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Interactions between wine volatile compounds and grape and wine matrix components influence aroma compound headspace partitioning



Interactions between wine volatile compounds and grape and wine matrix components influence aroma compound headspace partitioning



Journal of Agricultural and Food Chemistry 57(21): 10313-10322



A full-factorial design was used to assess the matrix effects of ethanol, glucose, glycerol, catechin, and proline on the volatile partitioning of 20 volatile compounds considered to play a role in wine aroma. Analysis of variance showed that the two-way interactions of ethanol and glucose, ethanol and glycerol, and glycerol and catechin significantly influenced headspace partitioning of volatiles. Experiments were conducted to observe the effect of varied ethanol and glucose concentrations on headspace partitioning of a constant concentration of volatiles. Analysis of variance and linear regression analysis showed that the presence of glucose increased the concentration of volatiles in the headspace, whereas increasing ethanol concentration was negatively correlated with headspace partitioning of volatiles. A subsequent study assessed the effect of diluting white and red wines with water and ethanol. It was again observed that increased ethanol concentration significantly reduced the relative abundance of volatile compounds in the sample headspace. This study investigates some of the complex matrix interactions of the major components of grape and wine that influence volatile compound headspace partitioning. The magnitude of each matrix-volatile interaction was ethanol > glucose > glycerol > catechin, whereas proline showed no apparent interaction. The results clearly identify that increasing ethanol concentrations significantly reduce the headspace concentration of volatile aroma compounds, which may contribute to explaining recent sensory research observations that indicate ethanol can suppress the fruit aroma attributes in wine.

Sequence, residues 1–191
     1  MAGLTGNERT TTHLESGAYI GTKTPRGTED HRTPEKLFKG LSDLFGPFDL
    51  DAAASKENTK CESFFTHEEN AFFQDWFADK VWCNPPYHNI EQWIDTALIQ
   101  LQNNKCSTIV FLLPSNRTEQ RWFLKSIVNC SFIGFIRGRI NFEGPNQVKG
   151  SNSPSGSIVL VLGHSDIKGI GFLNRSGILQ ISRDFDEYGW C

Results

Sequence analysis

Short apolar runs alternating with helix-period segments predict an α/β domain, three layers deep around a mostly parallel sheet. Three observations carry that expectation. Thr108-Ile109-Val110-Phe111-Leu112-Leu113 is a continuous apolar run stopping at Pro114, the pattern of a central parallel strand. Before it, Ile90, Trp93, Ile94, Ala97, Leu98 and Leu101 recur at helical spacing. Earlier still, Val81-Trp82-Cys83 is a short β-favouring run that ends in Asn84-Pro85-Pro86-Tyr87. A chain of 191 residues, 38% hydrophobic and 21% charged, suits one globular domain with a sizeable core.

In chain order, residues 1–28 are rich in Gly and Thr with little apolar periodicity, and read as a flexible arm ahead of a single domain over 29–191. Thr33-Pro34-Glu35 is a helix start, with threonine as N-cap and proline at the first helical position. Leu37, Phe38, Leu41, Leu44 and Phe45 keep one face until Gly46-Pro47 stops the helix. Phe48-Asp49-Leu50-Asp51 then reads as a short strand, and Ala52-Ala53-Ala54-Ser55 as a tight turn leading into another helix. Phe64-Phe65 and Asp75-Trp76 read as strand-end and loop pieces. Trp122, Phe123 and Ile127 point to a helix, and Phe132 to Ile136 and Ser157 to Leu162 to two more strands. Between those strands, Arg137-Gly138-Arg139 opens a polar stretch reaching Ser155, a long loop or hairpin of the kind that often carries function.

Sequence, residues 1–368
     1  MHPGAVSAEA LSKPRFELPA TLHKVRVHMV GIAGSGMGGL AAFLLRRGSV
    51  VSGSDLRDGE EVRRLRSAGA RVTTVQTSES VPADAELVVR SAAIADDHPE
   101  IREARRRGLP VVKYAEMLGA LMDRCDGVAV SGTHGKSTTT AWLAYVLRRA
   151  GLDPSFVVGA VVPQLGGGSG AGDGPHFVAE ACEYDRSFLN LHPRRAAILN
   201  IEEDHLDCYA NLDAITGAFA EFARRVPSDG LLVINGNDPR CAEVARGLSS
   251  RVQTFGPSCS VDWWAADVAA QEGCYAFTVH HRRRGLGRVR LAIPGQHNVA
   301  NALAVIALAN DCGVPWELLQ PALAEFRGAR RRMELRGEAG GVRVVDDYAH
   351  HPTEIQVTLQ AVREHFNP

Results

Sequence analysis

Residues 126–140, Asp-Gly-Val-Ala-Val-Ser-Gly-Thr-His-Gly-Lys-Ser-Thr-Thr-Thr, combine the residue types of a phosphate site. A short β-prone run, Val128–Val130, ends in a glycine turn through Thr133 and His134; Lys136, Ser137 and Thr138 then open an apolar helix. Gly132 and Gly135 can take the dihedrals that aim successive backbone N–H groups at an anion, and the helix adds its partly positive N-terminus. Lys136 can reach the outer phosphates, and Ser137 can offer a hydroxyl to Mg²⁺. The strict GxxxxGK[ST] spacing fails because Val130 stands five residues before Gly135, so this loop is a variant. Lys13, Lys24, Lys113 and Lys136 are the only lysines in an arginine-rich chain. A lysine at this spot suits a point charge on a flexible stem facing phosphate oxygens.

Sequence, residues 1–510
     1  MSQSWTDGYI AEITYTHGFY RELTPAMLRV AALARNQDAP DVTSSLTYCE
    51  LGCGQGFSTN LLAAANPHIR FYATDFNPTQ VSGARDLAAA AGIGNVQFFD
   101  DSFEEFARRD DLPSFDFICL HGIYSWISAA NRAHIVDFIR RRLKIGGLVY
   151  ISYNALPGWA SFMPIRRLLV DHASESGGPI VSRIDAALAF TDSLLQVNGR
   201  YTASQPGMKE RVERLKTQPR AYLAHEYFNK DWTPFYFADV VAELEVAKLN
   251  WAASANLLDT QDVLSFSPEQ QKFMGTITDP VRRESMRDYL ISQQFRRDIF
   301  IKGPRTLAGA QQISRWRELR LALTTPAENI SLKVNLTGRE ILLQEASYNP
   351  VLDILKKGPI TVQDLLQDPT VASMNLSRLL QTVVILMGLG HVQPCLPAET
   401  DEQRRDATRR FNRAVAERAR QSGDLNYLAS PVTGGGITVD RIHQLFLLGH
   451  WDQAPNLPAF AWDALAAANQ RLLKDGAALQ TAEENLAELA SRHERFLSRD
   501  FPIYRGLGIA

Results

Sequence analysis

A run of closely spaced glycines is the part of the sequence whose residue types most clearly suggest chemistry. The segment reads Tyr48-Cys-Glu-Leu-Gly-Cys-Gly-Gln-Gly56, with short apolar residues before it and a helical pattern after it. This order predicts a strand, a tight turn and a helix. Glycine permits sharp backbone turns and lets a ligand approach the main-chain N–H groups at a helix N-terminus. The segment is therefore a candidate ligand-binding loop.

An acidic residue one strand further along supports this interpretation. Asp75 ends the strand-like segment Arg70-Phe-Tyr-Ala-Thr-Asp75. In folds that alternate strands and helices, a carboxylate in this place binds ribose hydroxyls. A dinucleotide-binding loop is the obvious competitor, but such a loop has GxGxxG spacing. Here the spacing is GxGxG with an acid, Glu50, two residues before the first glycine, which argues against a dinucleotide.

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Accession: 053906930

Download citation: RISBibTeXText

PMID: 19845354

DOI: 10.1021/jf902586n


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